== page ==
Celebrating LGBTQ History Month: June 10, Judy Garland

10 Jun

Today would have been Judy Garland’s 90th birthday. We take the opportunity to celebrate one of the first and biggest icons of the gay community. Born Frances Ethel Gumm in Grand Rapids, MI, she only lived 47 years and spent 45 of them singing, dancing and acting. She received a Juvenile Academy Award and won a Golden Globe Award, Grammy Awards, and a Special Tony Award. She was nominated for the Academy Award for Best Actress for her role in the remake of A Star is Born and for Best Supporting Actress for her performance in the 1961 film, Judgment at Nuremberg. She was the youngest recipient of the Cecil B. DeMille Award for lifetime achievement in motion pictures at the age of 39.

Judy performed vaudeville with her sisters in an act billed as the Gumm Sisters. They changed it to Garland (after a prominent critic) for more pizzazz. She was signed to MGM at the age of 13, getting her first big break working opposite Mickey Rooney in several Andy Hardy films. At 17, she starred in one of her most famous films, The Wizard of Oz. She continued in a number of musicals in the 40s, finding stardom but also facing weight problems and depression. She also married twice that decade, including  Vincente Minelli, father of her daughter Liza. She suffered her first major breakdown in 1947 and attempted suicide soon after.

She made her first comeback in 1954 with the help of third husband Sid Luft. She returned to the stage and starred in another iconic role in the remake of A Star Is Born. She acted in a number of other movies into the early 60s. Her biggest triumph in her (relatively) later life was her 1961 show at Carnegie Hall, considered one of the finest performances in the venue. She married twice more after Luft and continued to battle depression and addiction. On June 22, 1969 she was found dead in her London apartment, apparently of an accidental overdose of barbiturates and alcohol.

Judy Garland is iconic in gay culture. Her performance as Dorothy is so pitch perfect and so resonates with people who feel trapped (read Kansas as closet), that Friend of Dorothy has been code for gay for decades. Her status is so significant that Wikipedia has an entire entry on Judy Garland as Gay Icon. She was larger than life, glamorous and tragic, married gay men, and loved spending time in gay bars. While never actively courting the gay community (such as it was before her death), she was accepting of gay men simply for who they were, something very rare in her generation. Legend also associates Garland with the Stonewall Riots which kicked off the gay rights movement. According to some stories, the gathering at the Stonewall Inn on June 27, 1969 was to watch her funeral on television. While some dispute this claim, it is just one more thread weaving the bright and tragic life of the legendary Judy into the rainbow flag.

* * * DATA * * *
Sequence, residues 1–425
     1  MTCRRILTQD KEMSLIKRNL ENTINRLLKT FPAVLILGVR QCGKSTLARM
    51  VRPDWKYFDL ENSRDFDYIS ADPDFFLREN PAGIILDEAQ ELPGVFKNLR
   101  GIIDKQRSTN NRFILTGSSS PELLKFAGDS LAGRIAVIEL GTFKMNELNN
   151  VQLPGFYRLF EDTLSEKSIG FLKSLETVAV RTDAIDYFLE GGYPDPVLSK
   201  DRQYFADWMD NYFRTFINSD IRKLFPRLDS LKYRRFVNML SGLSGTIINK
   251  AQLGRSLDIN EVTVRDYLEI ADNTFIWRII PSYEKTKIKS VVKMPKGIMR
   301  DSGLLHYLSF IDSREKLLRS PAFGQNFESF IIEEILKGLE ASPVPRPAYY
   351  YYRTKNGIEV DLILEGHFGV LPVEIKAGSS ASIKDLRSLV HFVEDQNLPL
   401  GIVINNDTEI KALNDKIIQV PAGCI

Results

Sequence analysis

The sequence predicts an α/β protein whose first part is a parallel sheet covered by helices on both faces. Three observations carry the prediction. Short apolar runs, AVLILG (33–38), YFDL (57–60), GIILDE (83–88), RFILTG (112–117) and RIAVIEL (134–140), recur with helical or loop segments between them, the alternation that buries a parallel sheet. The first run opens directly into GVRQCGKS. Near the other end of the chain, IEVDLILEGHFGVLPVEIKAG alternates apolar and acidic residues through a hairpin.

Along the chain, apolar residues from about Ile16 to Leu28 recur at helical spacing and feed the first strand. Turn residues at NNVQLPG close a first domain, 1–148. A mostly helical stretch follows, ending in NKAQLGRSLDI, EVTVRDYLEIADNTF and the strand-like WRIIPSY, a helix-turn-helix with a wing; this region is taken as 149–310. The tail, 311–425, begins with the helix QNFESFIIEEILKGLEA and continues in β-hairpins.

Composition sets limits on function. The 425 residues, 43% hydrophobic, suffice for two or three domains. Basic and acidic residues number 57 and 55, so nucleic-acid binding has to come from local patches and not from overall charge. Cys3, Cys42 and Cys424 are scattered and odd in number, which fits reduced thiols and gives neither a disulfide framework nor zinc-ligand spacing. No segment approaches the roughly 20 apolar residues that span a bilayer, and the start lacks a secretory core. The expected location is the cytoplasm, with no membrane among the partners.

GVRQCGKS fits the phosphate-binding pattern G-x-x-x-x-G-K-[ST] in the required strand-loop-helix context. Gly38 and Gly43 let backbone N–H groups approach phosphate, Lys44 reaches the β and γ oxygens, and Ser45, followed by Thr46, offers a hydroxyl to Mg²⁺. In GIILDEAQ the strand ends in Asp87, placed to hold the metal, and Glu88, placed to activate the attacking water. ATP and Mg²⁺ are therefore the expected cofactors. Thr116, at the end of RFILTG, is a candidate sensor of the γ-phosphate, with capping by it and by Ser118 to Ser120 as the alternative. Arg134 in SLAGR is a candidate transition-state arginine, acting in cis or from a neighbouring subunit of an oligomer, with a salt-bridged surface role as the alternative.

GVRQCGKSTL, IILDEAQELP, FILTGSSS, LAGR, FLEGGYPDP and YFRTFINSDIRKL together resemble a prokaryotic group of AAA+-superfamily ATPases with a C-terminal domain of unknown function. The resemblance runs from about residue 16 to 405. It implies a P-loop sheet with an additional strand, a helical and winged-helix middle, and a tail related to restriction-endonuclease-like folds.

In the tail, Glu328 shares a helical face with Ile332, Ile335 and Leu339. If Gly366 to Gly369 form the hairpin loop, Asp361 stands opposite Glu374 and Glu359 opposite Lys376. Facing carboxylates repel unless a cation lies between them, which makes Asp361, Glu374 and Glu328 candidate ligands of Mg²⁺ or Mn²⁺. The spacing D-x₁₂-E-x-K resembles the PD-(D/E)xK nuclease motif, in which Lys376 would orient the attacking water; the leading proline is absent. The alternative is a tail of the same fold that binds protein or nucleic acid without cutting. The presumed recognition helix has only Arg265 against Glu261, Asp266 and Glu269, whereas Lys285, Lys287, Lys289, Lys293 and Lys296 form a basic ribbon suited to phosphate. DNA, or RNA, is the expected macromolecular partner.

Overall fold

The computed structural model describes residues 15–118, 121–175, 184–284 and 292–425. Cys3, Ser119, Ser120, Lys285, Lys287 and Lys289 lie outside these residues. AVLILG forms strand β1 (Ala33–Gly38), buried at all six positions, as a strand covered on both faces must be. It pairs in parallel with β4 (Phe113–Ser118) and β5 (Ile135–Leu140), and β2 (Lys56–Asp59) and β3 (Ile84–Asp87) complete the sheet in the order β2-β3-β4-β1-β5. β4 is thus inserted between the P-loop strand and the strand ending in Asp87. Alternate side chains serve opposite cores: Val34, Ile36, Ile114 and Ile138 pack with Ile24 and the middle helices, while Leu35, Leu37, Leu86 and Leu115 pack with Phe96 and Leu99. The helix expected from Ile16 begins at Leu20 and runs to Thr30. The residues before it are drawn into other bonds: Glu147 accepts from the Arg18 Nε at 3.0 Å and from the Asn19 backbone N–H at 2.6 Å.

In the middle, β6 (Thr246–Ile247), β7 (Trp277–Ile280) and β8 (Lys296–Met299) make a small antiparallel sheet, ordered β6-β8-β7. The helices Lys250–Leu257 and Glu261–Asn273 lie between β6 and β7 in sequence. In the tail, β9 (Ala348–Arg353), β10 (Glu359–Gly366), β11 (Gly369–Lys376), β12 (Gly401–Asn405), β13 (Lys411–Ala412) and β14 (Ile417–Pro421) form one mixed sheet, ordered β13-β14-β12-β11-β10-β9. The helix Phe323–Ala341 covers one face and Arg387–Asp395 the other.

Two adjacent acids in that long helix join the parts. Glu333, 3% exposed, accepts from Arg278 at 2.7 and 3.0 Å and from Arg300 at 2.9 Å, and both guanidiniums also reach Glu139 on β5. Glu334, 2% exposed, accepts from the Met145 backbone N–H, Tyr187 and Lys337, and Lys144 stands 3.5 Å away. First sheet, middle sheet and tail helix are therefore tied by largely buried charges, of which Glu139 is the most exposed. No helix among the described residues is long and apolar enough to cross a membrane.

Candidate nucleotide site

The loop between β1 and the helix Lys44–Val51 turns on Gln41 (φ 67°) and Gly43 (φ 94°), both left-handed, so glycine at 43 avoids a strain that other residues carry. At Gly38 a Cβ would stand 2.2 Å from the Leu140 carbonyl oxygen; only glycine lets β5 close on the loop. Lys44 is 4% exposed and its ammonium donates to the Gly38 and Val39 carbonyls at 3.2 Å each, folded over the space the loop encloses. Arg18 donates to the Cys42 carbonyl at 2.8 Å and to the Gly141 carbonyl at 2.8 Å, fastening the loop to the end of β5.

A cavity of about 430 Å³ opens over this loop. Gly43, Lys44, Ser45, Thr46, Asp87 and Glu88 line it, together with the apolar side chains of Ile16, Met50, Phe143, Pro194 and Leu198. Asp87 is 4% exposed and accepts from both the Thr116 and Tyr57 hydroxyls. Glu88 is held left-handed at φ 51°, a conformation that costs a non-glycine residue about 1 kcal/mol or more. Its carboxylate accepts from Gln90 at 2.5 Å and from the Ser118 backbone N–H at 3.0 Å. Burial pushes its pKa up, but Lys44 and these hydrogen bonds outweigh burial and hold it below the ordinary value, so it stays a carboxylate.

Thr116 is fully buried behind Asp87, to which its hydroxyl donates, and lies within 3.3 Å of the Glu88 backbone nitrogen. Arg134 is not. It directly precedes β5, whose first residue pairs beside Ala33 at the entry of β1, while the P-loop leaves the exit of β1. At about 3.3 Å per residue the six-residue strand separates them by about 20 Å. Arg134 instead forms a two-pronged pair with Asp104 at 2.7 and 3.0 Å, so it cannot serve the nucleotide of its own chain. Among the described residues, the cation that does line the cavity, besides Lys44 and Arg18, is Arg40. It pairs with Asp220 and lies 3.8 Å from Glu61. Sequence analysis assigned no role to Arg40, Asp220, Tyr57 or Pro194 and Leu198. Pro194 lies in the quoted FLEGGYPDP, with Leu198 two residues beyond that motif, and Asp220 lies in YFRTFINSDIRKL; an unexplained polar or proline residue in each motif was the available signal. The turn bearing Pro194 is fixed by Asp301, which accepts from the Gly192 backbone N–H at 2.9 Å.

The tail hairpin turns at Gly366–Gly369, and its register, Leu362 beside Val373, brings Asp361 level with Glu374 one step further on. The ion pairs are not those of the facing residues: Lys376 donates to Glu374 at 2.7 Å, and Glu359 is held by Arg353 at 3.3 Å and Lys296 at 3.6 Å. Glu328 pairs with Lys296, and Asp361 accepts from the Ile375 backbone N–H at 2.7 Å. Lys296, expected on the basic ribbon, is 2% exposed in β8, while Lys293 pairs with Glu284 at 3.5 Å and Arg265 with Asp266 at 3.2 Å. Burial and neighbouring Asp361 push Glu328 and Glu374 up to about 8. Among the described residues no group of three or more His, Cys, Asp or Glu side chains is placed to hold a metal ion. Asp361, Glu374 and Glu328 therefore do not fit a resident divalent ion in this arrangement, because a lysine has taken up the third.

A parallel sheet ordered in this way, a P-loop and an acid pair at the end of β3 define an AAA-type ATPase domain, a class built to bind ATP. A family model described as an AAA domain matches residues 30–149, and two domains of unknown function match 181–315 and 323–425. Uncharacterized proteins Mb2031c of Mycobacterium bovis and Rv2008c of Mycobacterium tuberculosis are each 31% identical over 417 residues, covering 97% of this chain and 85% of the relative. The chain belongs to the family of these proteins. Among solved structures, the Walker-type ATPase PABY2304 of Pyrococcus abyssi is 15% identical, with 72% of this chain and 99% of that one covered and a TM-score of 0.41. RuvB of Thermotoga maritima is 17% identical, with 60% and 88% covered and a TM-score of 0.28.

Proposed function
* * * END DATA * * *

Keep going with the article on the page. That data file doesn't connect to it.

Today is also the birthday of Maurice Sendak, who died last month at the age of 83.


11 Responses to “Celebrating LGBTQ History Month: June 10, Judy Garland”

  1. prideinmadness June 10, 2012 at 7:42 am #

    I love Judy Garland! She had a rough life but such a talented woman!

  2. Christine Noble June 10, 2012 at 10:04 am #

    “At 17, she starred in one of her most famous films, The Wizard of Oz.” Oh I love you dear. Also, that nice pilot Neil Armstrong may have done something with the moon. (mwah)

    In all seriousness though, she was a beauty and an amazing performer and as you pointed out the first Ally (yes that needs to be capitalized.) Her life was so tragic and filled with pain. You can’t help but wonder if that Cecil B DeMille award was given to her b/c the people in film that knew and loved her knew she wasn’t going to make it to the venerable age most performers reach before being so honored. It’s too bad that mental health ableism was as much the word of the day as heterosexism, they might have been able to save her.

    Still, she was ours and we were hers and she was the first person in the modern world to embrace us. Bless you Ms. Judy, I hope you’ve found your peace “over the rainbow.”

  3. William June 10, 2012 at 11:54 am #

    Always such nice Bio’s

  4. bradfairchild June 10, 2012 at 2:24 pm #

    thank you for this tribute to judy, michael– i love her so very much — here is an article from the atlantic monthly a few years ago that attempts to address the issue of judy as gay icon– while i don’t agree with all the assertions, i think it is a fascinating take: http://www.theatlantic.com/past/docs/issues/2000/08/gross.htm

    • Michael Hulshof-Schmidt June 10, 2012 at 3:06 pm #

      Thank you for including the link to the Atlantic article–really helps to enhance my take on our Judy.

  5. nevercontrary June 10, 2012 at 5:10 pm #

    Ah to have been alive to see the true greats of hollywood.

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